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Second Circuit Affirms Ruling Finding Secondary Digital Marketplace Liable for Copyright Infringement

By Patrick B. Monahan
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The Second Circuit recently affirmed a lower court ruling that an online marketplace purporting to allow legal resale of digital music files in fact infringed the plaintiff record companies’ exclusive right to reproduce their copyrighted works.

The founders and operators of ReDigi Inc. (“ReDigi”) contended that their service allowed consumers to sell digital music files purchased on iTunes (or from another ReDigi user) without committing copyright infringement. Users installed Redigi’s Media Manager, a scanning and monitoring program to identify music files eligible for resale, and had the option to upload those files into a “Cloud Locker.” The central innovation of ReDigi was the method by which the files were transferred. The files were broken up into a series of “packets”, which were delivered individually (and deleted as they were delivered) and then reassembled at their destination. At the end of the upload process, the file existed in the Cloud Locker and not on the user’s computer.–Similarly, if a music file was purchased from a user’s Cloud Locker by another user, that file would be transferred packet-by-packet and, at the end of the process, would exist on the purchaser’s computer and not in the Cloud Locker. The effect of this packet-transfer system, ReDigi claimed, was that only one full copy of a given music file existed at any time and the transfer complied with copyright law.

First Sale Doctrine not applicable

ReDigi argued that sales of digital music files using its service was protected under the Copyright Act’s first sale doctrine, which entitles the owner of “a particular copy or phonorecord” purchased from or otherwise authorized by the copyright holder to sell or otherwise dispose of that particular copy or phonorecord without the copyright holder’s authorization. However, the Second Circuit, in affirming the Southern District of New York’s holding, found that ReDigi’s packet-transfer system, by its very nature, creates an unauthorized reproduction of a given digital music file and violates copyright holders’ exclusive right to reproduction. The first sale doctrine, the Court noted, only establishes when a copyright holder’s distribution right of a particular copy of a copyrighted work terminates, that is, once it is sold to the consumer. Digital music files are phonorecords, that is, a material object in which sound is fixed. When a user uploads a digital music file to its ReDigi “Cloud Locker”, or when it is transferred from the “Cloud Locker” to a purchaser’s computer, that sound is fixed in a new material object for a sufficient amount of time to create a new phonorecord. Each time a new phonorecord is made constitutes a violation of the copyright holder’s exclusive right to reproduction under the Copyright Act, and the separate distribution right is not implicated. The Second Circuit was not persuaded that the “packet transfer” method, or ReDigi requiring deletion of the file from a user’s computer once it was uploaded, negated the fact that an unauthorized copy was made.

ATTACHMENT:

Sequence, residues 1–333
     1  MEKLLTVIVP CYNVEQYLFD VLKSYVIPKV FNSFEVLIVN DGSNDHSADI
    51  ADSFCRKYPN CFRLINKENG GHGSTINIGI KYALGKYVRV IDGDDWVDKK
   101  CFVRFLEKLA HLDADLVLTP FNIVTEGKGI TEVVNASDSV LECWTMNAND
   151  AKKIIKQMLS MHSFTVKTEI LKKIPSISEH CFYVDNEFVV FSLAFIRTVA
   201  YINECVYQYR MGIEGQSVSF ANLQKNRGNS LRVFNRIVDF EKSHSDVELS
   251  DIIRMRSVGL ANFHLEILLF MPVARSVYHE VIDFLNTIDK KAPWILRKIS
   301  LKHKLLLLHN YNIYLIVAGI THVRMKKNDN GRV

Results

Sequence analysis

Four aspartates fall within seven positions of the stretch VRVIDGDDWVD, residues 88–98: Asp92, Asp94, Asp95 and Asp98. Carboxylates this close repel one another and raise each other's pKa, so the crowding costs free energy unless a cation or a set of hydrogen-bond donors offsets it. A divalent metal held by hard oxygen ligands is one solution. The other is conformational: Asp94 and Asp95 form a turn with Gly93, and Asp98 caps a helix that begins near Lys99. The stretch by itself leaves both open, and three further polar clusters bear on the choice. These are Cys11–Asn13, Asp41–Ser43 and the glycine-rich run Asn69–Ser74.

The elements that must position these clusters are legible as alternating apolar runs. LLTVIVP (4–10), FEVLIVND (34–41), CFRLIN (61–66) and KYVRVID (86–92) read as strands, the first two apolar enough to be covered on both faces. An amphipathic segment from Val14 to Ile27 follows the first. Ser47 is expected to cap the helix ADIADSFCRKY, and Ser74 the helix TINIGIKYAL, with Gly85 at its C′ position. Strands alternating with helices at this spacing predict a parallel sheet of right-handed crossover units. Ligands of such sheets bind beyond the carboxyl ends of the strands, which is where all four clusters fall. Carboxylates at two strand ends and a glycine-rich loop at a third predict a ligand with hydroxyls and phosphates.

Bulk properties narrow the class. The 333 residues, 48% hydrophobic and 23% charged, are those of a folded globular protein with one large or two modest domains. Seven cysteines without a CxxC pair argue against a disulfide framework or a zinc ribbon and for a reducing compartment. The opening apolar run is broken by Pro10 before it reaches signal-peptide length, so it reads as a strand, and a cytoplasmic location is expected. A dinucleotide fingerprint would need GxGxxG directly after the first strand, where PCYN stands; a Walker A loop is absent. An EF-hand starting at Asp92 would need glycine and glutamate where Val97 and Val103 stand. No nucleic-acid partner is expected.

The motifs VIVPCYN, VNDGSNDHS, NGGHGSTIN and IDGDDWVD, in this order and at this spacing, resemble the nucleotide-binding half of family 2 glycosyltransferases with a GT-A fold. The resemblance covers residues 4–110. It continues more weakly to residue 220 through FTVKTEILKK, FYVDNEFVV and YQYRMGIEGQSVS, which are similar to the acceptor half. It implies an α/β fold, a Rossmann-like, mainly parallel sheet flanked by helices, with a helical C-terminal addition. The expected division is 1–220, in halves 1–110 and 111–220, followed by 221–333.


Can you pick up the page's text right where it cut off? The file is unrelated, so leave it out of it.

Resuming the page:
ReDigi system is not fair use

Turning to ReDigi’s affirmative defense of fair use, the Second Circuit held that ReDigi’s operation did not constitute fair use of the copyrighted music files. The Copyright Act shields from liability those making “fair use” of a copyrighted work and lists a number of factors for courts to consider, including the (1) the purpose and nature of the use, including whether the use is for commercial or nonprofit purposes and whether the use is transformative in some way; (2) the nature of the copyrighted work; (3) the portion of the copyrighted work used; and (4) the effect of the use on the potential market for or value of the copyrighted work. Of particular importance to the Second Circuit was the fact that ReDigi’s use was for commercial purpose and was in no way transformative; that its operation necessitates copying of the entire works, and the fact that ReDigi’s resale market directly competes with the primary market (i.e., digital music marketplaces such as iTunes).

The ReDigi litigation has raised philosophical questions about how copyright law, and in particular the right of reproduction and the first sale doctrine, should be adapted in an increasingly digital world, but the Second Circuit, while acknowledging those questions, issued a limited ruling, relying on the specific wording of the Copyright Act.

The Music Modernization Act

Shifting the Licensing Burden Onto Songwriters and Publishers

By Matthew F. Abbott
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On October 11, 2018, the Music Modernization Act (“MMA”) was signed into law following bipartisan passage in the House and Senate. The MMA has immediate and significant consequences for songwriters and publishers whose musical compositions are or will be distributed through a digital music provider such as Spotify or Apple Music.

Digital music providers no longer required to license directly from rights holders

While previously digital music providers licensed these “mechanical” rights directly from songwriters and publishers, the MMA now provides digital music providers the option to license any and all musical works using a compulsory blanket license administered by a newly-created intermediary organization, the “Mechanical Licensing Collective” (“MLC”). The MLC will be designated by Congress and is authorized to (i) administer the blanket license and pay royalties; (ii) create and maintain a public database of musical compositions and ownership information; and (iii) hold unclaimed royalties for three years, at which time they will be distributed to MLC participants based on their market share.  The MLC will be funded through voluntary contributions and an administrative assessment set by the Copyright Royalty Judges who have been designated to set licensing rates under the MMA.

Songwriters, publishers encouraged to register with the Mechanical Licensing Collective

The MMA’s blanket license covers every musical composition distributed by a digital music provider. Each digital music provider will pay a fixed blanket rate for each distributed composition to the MLC, which will then distribute royalty payments to each participating member.  Songwriters and publishers that are not participating members will not receive any royalties – instead, the MCL will designate the royalties collected on their behalf as “unclaimed” royalties and will redistribute them among participating members after three years.  Thus, the burden is placed on each songwriter and publisher to make sure he or she is in compliance with the requirements of the MMA in order to receive a portion of mechanical royalties collected under the blanket license.